Still, you feel an incredible loss and you can’t help but to blame yourself.

You choose not to tell anyone what really happened that night except Donny. And just the tone of his voice. Just the long pause. And then the words, “Ashley… That was rape.” You compartmentalize it, though. You don’t want the shame that comes with being someone’s victim. So, you tell your girlfriends you are fine and you cry in private, praying you aren’t pregnant and swearing you’ll never find yourself in the same position again.

What you don’t know was that it isn’t your fault.

It’s not your fault. It will take a few years but that truth will reveal itself.  Your eyes will become much more open to the culture in which we have lived for so long without question or change. A culture where “encouraging” a woman or girl to engage in a sexual act is the norm and those who have been violently assaulted are thrown to the wolves as the harm-doers go free. And though you suffered in silence for quite a while, what will become clear as you get older and relationships with men become less trusting, is that you don’t have to be silent. You don’t have to allow that situation to shove you into the tiniest corner of your existence to waste away. Not when there were so many other women like you who felt the same way you felt and had experienced what you experienced or much worse.

Fear was a driving force in your life, from childhood. Fear of getting in trouble. Fear of being perceived as any number of horrible tropes associated with Black women and girls. Fear of being hurt. Fear of being raped. Fear of never succeeding. Fear of not being believed. It is a pathology that is instilled in us. One that takes a lot of shaking from which to loose ourselves. A burden to carry instead of a blessing to cover.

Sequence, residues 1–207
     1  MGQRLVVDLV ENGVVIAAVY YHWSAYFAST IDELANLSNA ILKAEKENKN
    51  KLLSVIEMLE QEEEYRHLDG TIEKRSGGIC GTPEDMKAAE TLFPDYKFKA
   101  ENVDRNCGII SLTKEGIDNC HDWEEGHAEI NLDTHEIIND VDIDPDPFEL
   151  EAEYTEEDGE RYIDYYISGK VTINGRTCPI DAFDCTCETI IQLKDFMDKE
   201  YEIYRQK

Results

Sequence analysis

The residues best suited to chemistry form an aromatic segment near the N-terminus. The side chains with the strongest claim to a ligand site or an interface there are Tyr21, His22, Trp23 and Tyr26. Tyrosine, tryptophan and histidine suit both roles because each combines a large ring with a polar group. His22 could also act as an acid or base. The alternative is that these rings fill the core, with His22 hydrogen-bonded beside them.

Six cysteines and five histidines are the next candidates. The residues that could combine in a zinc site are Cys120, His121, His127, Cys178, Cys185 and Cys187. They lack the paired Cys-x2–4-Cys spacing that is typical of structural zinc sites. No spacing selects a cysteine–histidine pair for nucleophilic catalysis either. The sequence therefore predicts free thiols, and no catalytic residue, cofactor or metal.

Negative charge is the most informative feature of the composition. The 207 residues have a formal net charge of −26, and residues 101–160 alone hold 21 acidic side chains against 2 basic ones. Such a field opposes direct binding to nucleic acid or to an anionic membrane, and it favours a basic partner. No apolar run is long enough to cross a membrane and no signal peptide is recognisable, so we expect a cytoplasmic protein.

But instead of accepting it, you will choose a different path. A path that will allow you to find the power of your voice. A path that will include finding ways through writing, discussion, teaching, to tell the masses that some norms are not acceptable and that silence is not our only option. One moment in time does not define or devalue you and you will learn one of the greatest lessons of all: You have just as much a right as any to live fully and wholly. You survived.

Ashley J. Hobbs is passionate member of the Black Women’s Blueprint team serving as Communications and Campus Programs Coordinator.


Brave Black Girls and The Implications Of McKinney, Texas

Posted on Wednesday, June, 10th, 2015 by admin in Blog - (Comments Off)
Still courtesy of Brandon Brooks

Still courtesy of Brandon Brooks

Twelve police officers responded to a 911 call of a disturbance at the Craig Ranch community pool in McKinney, Texas last Friday. What started out as a peaceful, end-of-the-school-year celebration quickly escalated into a heinous case of police brutality when Corporal Eric Casebolt pinned a 15-year-old swimsuit-clad black girl to the ground with his knees pressed into her back. When other teens who were at the pool party tried to help her, Casebolt drew his gun on them, causing them to scatter, afraid for their lives. This series of events is undoubtedly heinous, terrifying, and angering. What causes even more alarm are the offending officer’s history and training.